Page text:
• Pay off the mortgage fully by repaying the outstanding balance. This repayment can be done with the proceeds of the sale, but may trigger early repayment charges, particularly if the repayment occurs during a fixed-term. Check your mortgage contract to find out in what situations early repayment fees are charged. Once a mortgage is fully repaid, you’ll have debt freedom from that property.
  • Transfer the balance to a new mortgage on another home you’re purchasing if loan portability options are in your terms. This can often be done while you are locked into a fixed-rate, but there may be separate fees charged by the lender for porting. This option keeps the predictability of existing fixed repayments for the remainder of the initial fixed-term deal period.

Essentially, unpaid mortgage debt and the associated interest payments cannot remain indefinitely once letting go of the property asset itself. But in the short term, switching to a lender’s standard variable rate or transferring to a new property purchase can maintain the lending obligation even after the fixed rate period you initially signed up for expires.

Selling a home and timing your mortgage 

If you are contemplating selling your property, you could choose to get ahead of any further housing market fluctuations or rising interest rates by finding a buyer and getting the ball rolling on the sale before the fixed term finishes and then try to time things so that you are out of the fixed term before you exchange contracts. However, this puts pressure on you to manage the timings of the sale, which is difficult to do because many aspects of the sale timings are dependent on the buyer.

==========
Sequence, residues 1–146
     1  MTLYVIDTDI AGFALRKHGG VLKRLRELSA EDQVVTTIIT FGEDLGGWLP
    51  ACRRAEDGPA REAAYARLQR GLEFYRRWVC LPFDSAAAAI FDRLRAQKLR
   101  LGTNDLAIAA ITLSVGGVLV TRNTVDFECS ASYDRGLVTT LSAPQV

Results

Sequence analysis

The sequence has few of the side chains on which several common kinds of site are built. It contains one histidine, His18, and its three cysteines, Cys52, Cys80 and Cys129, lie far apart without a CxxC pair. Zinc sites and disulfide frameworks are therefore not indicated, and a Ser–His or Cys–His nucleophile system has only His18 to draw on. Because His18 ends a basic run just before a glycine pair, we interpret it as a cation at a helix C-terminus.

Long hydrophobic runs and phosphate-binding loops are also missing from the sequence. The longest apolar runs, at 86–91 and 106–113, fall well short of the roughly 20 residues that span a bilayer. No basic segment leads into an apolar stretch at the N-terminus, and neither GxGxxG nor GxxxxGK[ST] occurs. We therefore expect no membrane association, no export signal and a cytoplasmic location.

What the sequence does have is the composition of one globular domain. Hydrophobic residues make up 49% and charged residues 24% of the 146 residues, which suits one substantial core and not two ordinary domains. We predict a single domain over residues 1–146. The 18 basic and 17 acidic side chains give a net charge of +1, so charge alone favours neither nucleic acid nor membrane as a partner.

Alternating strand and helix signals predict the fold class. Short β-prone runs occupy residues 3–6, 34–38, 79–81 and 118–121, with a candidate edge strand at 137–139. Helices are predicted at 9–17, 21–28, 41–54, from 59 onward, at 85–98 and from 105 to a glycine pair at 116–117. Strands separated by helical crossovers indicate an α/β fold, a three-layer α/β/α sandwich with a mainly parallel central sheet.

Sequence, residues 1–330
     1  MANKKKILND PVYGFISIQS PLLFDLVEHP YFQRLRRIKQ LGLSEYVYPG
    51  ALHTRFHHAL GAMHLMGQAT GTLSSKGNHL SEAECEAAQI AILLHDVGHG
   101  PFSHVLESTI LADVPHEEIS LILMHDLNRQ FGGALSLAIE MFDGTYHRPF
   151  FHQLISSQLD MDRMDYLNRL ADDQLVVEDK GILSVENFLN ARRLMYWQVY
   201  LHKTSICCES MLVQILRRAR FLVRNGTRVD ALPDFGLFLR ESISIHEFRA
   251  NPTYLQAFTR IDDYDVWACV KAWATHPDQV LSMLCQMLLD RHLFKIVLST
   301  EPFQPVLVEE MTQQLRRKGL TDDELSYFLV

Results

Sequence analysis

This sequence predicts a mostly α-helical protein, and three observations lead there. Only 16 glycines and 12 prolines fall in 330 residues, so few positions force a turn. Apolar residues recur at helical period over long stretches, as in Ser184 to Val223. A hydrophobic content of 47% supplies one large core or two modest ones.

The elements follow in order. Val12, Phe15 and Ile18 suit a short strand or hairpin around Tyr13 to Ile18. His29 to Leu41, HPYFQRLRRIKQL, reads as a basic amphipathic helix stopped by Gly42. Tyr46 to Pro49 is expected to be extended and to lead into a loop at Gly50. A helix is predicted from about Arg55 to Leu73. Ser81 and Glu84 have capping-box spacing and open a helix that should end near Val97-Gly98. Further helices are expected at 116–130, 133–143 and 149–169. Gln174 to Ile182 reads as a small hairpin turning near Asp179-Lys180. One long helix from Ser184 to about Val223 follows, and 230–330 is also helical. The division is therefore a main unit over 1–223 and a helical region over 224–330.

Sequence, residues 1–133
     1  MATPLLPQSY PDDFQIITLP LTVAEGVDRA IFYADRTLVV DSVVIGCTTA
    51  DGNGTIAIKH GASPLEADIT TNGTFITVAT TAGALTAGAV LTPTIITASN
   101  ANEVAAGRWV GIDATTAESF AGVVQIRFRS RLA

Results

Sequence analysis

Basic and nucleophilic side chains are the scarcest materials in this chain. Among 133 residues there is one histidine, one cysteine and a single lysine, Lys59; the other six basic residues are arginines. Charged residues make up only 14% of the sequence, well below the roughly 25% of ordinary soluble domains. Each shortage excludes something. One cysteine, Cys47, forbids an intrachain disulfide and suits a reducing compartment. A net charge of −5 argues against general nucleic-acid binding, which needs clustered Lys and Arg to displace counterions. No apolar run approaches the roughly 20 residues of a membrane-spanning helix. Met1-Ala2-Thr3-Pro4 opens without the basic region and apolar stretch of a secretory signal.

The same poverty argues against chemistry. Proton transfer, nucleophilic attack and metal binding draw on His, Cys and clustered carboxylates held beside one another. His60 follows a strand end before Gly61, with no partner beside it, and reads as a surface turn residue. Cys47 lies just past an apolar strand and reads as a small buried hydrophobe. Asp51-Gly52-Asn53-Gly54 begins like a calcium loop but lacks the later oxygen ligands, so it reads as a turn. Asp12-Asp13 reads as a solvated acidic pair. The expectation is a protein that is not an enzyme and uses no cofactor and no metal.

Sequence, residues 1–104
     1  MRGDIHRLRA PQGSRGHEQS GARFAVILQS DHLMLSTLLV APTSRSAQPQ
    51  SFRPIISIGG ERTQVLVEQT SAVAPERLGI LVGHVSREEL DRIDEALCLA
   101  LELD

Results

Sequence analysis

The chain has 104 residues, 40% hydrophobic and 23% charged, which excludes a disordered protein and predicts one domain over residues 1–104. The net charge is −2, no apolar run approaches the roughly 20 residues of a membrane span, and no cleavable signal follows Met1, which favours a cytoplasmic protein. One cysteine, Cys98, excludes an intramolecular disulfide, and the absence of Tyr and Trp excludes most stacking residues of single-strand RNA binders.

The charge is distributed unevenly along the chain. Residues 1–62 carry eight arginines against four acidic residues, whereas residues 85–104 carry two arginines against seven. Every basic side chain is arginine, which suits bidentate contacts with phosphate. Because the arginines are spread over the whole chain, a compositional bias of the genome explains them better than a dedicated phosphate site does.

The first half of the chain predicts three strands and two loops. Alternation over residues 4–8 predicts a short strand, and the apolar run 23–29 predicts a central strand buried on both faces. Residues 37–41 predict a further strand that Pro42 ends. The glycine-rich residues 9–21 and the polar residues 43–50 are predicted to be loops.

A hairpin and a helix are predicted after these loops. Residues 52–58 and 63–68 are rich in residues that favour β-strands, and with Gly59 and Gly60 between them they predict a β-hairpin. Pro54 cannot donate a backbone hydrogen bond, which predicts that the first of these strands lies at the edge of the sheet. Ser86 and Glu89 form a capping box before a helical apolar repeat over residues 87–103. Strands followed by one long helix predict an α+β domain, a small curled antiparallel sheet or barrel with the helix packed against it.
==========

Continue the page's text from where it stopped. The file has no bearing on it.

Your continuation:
Alternatively, you could put the house up for sale after the fixed-term ends and you are on an expensive SVR mortgage. Going down this route provides more time for viewings and time to secure an optimal offer. There are caveats, however. You’ll be paying a higher mortgage rate while you wait for the sale process to happen. Also, if prospective buyers become aware you need to complete quickly due to crushingly high interest rates, they might try their luck at gazundering you.

Carefully weighing up these timing considerations against projected costs, best and worst-case sale prices, and your personal circumstances can determine if it makes more financial sense to complete the sale before, during, or immediately after your current mortgage arrangement ends.

What options do I have for selling my home before my house quickly?

If you decide to sell your home instead of remortgage, the best option for speed and predictable timings is Property Rescue

Property Rescue

Property Rescue can buy property directly from you, and at a precise time scale that works for you. We can complete in as little as 7-days, and we can even take care of all the legal aspects. For anyone looking to sell their home exactly when their fixed-rate mortgage deal comes to an end, so that they can avoid high interest rates, Property Rescue is the perfect solution. We guarantee a fast cash sale, we buy property in any condition and you don’t pay a single penny to get your house sold.

Get a free, no-obligation quote for your house now.

Receive a free, no-obligation cash offer by completing our 30 second form

Invalid postcode

or just get in touch with our friendly team

Call us free on